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Making Sense Of Your Blood Pressure

Just like you should know your blood type, you should also understand what your blood pressure is at its normal rate.

If you know about naturopathic medicine, you know that what we encourage is for you to have knowledge about your own body so that you can be aware of when things are not right.

As a naturopathic doctor, I always try to help my clients understand what is healthy, so that they can make good choices about their wellness.

Blood pressure is an important component in understanding your health, so let’s talk about it.

What Does Blood Pressure Mean?

When doctors take your blood pressure, what they are measuring is the pressure in your blood vessels – however, this requires two separate measurements: systolic (the ‘top’ number) and diastolic (the ‘bottom’ number).

More on those in a moment.

Being hypotensive describes when your blood pressure is low; being hypertensive is when your blood pressure is too high, which is absolutely the more common of the two.


Having low blood pressure can be dangerous, and can indicate underlying conditions, illnesses and issues, such as:

  • Anaphylaxis
  • Blood loss
  • Dehydration
  • Endocrine problems
  • Heart problems
  • Lacking nutrients in your diet
  • Pregnancy
  • Septicemia

If you notice any of these symptoms of low blood pressure, you should see your doctor:

  • Blurred vision
  • Dizziness or lightheadedness
  • Fainting (syncope)
  • Fatigue
  • Lack of concentration
  • Nausea

These next 4 symptoms suggest extreme hypotension, which means you should call 911.

  • Confusion, especially in older people
  • Cold, clammy, pale skin
  • Rapid, shallow breathing
  • Weak and rapid pulse


Hypertension – high blood pressure – can present very differently, and here are some of the symptoms:

  • Blood in the urine
  • Chest pain
  • Difficulty breathing
  • Fatigueor confusion
  • Irregular heartbeat
  • Pounding in your chest, neck, or ears
  • Severe headache
  • Vision problems

Now that we know what it looks like, let’s look at how to measure it.

Systolic Blood Pressure

When your heart beats, it contracts, pushing blood through your arteries; systolic blood pressure is the measurement of the pressure in your blood vessels while the heart is contracting.

A normal, healthy person has a systolic pressure below 120, and hypertension is when it is elevated beyond that, up to 140 or more.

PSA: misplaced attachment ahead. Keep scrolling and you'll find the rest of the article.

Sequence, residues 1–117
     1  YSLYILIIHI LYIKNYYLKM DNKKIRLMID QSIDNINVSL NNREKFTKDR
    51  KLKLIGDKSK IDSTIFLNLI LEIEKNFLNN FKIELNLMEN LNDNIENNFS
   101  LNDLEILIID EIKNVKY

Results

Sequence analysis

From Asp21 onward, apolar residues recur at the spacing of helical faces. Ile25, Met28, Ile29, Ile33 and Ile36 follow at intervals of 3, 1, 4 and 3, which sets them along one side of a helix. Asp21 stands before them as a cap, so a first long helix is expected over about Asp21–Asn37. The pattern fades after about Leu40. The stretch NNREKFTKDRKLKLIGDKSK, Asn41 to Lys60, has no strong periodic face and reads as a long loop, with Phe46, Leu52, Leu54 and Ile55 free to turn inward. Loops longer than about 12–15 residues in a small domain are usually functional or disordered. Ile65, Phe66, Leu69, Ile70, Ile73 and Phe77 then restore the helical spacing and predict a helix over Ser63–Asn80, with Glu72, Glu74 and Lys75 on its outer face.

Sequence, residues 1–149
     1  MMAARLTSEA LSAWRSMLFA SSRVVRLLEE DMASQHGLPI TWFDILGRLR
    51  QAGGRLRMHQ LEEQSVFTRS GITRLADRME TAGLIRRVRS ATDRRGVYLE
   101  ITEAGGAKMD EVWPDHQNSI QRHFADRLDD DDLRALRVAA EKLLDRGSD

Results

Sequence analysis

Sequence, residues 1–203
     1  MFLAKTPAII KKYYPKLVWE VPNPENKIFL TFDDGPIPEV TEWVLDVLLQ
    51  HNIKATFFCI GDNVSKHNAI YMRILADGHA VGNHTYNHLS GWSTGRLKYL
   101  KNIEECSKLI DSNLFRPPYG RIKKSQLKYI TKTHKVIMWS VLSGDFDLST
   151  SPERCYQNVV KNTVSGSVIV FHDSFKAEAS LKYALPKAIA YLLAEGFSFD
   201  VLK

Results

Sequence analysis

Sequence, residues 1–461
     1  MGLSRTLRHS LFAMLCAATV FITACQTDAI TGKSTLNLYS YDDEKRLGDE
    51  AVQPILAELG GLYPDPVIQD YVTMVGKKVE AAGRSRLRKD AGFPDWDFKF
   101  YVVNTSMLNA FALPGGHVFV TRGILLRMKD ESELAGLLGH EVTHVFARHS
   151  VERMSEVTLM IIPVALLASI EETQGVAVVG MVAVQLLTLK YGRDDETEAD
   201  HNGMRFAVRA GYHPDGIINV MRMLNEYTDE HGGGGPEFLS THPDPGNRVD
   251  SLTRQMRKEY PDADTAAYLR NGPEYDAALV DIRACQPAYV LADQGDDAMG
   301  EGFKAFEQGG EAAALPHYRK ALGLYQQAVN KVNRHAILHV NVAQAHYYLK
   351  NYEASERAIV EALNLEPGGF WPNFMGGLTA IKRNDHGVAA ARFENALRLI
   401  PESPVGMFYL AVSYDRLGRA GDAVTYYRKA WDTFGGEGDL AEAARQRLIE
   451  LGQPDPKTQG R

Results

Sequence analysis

If you measure your blood pressure and the systolic is 180, that qualifies as a hypertensive crisis, and you should seek immediate medical attention.

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Diastolic Blood Pressure

The second, bottom number is the diastolic blood pressure, which measures the pressure in your arteries in the pause between heartbeats.

Normal diastolic readings are lower than 80, but if your systolic is still reading over 120, then you are nevertheless considered to have elevated blood pressure.

If your diastolic blood pressure is above 80, you are hypertensive.

120 is considered a hypertensive crisis; call 911 immediately.

Measuring Your Blood Pressure

To measure your blood pressure, professionals will either use a machine or a cuff and stethoscope.

Some people find the procedure uncomfortable, but it isn’t painful.

Your doctor might have you take your pressure reading at home – or possibly using a machine at your local drug store – if they suspect you have ‘white coat hypertension,’ whereby your blood pressure is only elevated due to the stress of being at the doctor’s office.

If it returns to normal once you’ve left, then your blood pressure is not a cause for concern.

When doing the reading, your doctor starts by inflating the cuff to a pressure higher than your systolic blood pressure.

It will momentarily feel tight around your arm, but then your doctor allows it to deflate, until they can hear your blood rushing again through the stethoscope – this gives the systolic reading.

Still watching the pressure gauge on the cuff, the doctor listens until the sound of pumping blood pauses, and that point gives the diastolic reading.

Blood Pressure Levels – What Is Considered Healthy?

I mentioned above about hypertension, but – in fact – there are different levels of hypertension.

Slightly above the reading would be considered an elevated blood pressure, but then there are stages 1 and 2, and finally hypertensive crisis, which can be fatal if not treated.

For systolic, the breakdown is as follows:

  • Normal: 120 or below
  • Elevated: 120-129
  • Stage 1 hypertension: 130-139
  • Stage 2 hypertension: 140 and above
  • Hypertensive crisis: 180 and above

For diastolic, here are the stages:

  • Normal: 80 and below
  • Elevated: below 80 with a systolic over 120
  • Stage 1 hypertension: 80-89
  • Stage 2 hypertension: 90 and above
  • Hypertensive crisis: 120 and above

Contact The Mindful Healing Clinic

While blood pressure readings may seem complicated to the average person, they can be easy to understand with a little help.

I have helped many patients adjust their lifestyle in order to correct their hypertension, and monitor their blood pressure.

If you’ve been concerned with your blood pressure, call me and book an appointment, and let’s discuss if you have cause for concern or not.

Until next time,

Dr. Maria Cavallazzi, N.D
Mindful Healing Naturopathic Clinic
Mississauga, ON L5M 1L7
(905) 819-8200

Dr. Maria Cavallazzi is a medical doctor from Colombia where she practiced as a family physician for 8 years until she moved to Canada 16 years ago and became a naturopathic doctor in Mississauga.